A man testified Tuesday that a late Connecticut doctor suspected of molesting scores of children performed a sex act on him in the late 1960s while he and his three brothers were taking part in what was supposed to be a human growth study.
The man, using the pseudonym William Roe, was a witness in a Waterbury Superior Court trial on the claims by another alleged victim of Dr. George Reardon, who died in 1998.
The civil case is the first to reach trial among about 90 people who are suing St. Francis Hospital and Medical Center of Hartford, claiming hospital officials failed to prevent the abuse. The hospital's lawyers say hospital officials didn't know about the abuse.
Roe testified that Reardon asked his mother for permission to include him and his three brothers in the growth study after one brother had his tonsils removed at St. Francis in 1967.
Roe said he and his brothers saw Reardon individually at the hospital for the study. When it was his turn, Roe said, he undressed and Reardon measured his genitals. He said Reardon then told him he needed to stimulate him, and then proceeded to touch his genitals to the point of ejaculation. Roe said he was 9 or 10 years old at the time.
Afterward, Roe's mother asked him and his brothers how the study went.
"We all agreed that it was a very strange experience and that we did not want to return," Roe testified, but they did not give her all the details. "She told us we didn't have to go back."
Reardon practiced at St. Francis for three decades. Police believe he abused hundreds, possibly thousands, of children under the guise of a bogus growth study. The abuse was uncovered in 2007 when the owner of Reardon's former home in West Hartford cracked open a wall during a renovation project and found thousands of videos and slides showing children in various sexual acts and positions.
The plaintiff in the case that began Tuesday is a firefighter in his early 40s who says he and his brother were molested by Reardon at least 75 times when they were boys in the 1970s. His lawyer, Michael Stratton, told the jury in his opening statement that his client suffers from anxiety, depression and has trouble with personal relationships because of Reardon.
Stratton said St. Francis officials failed to check if Reardon's growth study was valid, failed to monitor it and failed to protect children. Stratton said Reardon never published the study's results, and he accused the hospital of essentially giving Reardon access to countless victims in a "private playground."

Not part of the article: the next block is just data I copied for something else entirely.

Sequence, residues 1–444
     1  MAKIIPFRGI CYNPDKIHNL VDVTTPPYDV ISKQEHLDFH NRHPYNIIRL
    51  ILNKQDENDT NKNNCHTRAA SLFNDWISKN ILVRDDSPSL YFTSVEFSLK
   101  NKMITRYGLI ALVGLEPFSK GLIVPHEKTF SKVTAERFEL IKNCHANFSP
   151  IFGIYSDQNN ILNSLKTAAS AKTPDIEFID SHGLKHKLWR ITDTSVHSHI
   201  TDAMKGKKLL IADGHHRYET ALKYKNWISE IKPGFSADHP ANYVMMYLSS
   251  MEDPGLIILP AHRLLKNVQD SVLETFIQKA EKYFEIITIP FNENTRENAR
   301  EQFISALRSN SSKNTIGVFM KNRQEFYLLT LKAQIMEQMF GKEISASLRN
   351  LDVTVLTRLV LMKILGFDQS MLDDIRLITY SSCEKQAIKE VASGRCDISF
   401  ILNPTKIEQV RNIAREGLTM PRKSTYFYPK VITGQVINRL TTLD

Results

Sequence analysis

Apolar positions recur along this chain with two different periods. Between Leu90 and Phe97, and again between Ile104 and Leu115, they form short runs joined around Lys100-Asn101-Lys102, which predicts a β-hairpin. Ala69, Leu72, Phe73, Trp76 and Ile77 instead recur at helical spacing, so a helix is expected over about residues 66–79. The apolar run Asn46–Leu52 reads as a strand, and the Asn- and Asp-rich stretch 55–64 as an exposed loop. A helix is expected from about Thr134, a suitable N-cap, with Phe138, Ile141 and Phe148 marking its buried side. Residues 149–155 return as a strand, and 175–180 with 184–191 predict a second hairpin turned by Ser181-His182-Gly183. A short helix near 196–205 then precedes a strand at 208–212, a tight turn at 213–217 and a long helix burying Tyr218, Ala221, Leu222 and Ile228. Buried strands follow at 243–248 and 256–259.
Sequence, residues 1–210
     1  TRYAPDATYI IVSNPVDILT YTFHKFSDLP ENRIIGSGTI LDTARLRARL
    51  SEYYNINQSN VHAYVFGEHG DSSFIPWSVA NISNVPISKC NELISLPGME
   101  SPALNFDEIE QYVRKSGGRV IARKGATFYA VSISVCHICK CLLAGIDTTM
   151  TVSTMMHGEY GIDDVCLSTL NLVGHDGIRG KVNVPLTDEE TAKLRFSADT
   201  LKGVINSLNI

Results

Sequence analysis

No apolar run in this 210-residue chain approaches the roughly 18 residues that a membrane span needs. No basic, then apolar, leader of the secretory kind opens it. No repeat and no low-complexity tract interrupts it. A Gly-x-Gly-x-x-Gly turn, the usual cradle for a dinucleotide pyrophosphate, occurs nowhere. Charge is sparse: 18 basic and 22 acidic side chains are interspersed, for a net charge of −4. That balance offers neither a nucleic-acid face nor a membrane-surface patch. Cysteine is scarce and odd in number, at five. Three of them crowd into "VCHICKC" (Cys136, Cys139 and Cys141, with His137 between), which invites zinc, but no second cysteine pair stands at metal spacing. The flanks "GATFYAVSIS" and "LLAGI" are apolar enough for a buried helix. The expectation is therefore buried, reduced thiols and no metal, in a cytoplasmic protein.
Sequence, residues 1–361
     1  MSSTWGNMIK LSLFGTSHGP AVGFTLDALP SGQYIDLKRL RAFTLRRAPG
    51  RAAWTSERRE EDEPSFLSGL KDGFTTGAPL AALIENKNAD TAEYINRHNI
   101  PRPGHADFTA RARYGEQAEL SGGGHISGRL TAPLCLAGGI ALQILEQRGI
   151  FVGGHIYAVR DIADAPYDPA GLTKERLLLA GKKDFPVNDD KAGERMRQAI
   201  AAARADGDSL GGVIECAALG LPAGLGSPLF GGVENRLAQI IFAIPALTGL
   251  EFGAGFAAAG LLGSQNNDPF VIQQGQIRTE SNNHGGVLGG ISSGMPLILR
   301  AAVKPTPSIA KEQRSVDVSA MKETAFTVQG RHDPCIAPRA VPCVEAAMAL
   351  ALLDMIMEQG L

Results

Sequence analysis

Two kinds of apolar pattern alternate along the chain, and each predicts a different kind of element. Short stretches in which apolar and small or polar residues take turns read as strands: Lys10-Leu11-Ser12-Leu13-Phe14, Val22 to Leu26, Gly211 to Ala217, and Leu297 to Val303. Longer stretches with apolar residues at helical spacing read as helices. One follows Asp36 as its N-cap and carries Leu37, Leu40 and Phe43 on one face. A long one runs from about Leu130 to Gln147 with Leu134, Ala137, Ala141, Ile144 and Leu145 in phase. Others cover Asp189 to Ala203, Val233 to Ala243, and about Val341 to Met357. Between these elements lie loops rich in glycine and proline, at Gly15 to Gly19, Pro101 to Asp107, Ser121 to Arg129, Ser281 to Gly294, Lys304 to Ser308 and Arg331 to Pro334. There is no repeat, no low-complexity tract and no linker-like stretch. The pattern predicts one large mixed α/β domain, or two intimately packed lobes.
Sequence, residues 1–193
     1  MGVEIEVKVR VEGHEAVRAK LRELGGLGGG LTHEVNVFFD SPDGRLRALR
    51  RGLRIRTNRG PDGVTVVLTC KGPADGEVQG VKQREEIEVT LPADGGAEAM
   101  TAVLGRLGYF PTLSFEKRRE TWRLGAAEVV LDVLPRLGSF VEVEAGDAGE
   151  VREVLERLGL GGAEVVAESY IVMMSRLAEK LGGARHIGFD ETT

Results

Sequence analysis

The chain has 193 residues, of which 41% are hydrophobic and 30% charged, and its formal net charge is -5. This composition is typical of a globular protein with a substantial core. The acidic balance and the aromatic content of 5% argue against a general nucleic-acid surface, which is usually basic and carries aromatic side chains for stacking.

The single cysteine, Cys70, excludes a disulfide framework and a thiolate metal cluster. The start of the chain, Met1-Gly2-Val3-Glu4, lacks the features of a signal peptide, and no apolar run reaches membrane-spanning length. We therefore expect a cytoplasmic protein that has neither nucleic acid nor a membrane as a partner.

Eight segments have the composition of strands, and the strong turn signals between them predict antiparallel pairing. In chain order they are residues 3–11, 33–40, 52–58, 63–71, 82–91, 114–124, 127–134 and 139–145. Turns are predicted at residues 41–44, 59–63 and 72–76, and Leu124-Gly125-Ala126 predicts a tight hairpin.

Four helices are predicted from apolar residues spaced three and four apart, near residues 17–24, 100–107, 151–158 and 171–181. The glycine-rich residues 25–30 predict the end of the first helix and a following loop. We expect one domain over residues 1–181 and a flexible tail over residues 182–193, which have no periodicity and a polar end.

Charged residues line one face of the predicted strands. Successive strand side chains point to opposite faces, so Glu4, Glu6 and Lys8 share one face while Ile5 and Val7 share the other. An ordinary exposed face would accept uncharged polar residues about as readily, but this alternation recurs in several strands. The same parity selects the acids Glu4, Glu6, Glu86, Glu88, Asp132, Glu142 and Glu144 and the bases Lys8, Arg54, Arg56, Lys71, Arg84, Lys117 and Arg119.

"Nobody ever asks why are we doing this?" Stratton asked, referring to the growth study. "Dr. Reardon's dead. You can't make him pay. ... He couldn't have done this without the hospital looking the other way for 20 years."
The hospital's attorney, Paul Williams, told the jury that any anger should be directed at Reardon, not the hospital. He said no one told hospital administrators about the abuse when it was happening.
"We are all angry at what he did," Williams said. "We're certainly not in any way defending his actions."
From all outward appearances, Reardon was a respected endocrinologist who trained many fellow physicians and was involved in legitimate research and publications, Williams said.
Investigators say the plaintiffs represent only a small fraction of the children brutalized by Reardon. It's not clear yet whether each of their cases will be tried individually, if settlements aren't reached beforehand.
Police have identified 250 victims by name, but hundreds of other children in the pornographic images never came forward. Investigators believe Reardon victimized at least 500 children, but they also believe the number of victims could be in the thousands.
Police who interviewed the victims say many have struggled with broken relationships, substance-abuse problems, even suicide attempts.
The abuse began in the 1950s, when Reardon was a young doctor in Albany, N.Y., and continued in Connecticut through the 1980s, authorities say. He resigned in 1993 amid molestation accusations, but he was never charged. In 1995, he was prohibited from practicing medicine in Connecticut or any other state.
The officers who sifted through the photographs describe soul-wrenching images: Children posed in the nude, often in sexually suggestive poses or with objects inserted into their bodies. Some claim Reardon forced them to simulate sex acts with other children and manipulated their genitalia.
The victims came from across Connecticut's capital area through referrals, but they were concentrated in the affluent suburb of West Hartford.